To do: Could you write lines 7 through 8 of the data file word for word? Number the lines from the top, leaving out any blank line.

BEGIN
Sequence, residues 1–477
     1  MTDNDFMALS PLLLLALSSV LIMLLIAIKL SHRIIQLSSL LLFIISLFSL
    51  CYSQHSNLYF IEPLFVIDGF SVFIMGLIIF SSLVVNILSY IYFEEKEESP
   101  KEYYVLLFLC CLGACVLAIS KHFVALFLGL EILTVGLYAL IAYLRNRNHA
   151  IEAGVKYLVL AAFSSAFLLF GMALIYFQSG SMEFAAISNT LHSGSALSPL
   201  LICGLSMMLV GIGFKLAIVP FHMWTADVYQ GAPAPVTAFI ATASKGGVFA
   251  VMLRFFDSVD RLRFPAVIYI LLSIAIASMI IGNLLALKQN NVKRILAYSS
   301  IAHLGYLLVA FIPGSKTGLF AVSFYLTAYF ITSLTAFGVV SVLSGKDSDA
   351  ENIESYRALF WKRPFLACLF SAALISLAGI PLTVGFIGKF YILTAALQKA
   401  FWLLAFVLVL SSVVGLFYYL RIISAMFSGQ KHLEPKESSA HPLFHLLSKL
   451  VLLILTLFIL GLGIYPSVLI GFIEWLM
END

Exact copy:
   251  VMLRFFDSVD RLRFPAVIYI LLSIAIASMI IGNLLALKQN NVKRILAYSS
   301  IAHLGYLLVA FIPGSKTGLF AVSFYLTAYF ITSLTAFGVV SVLSGKDSDA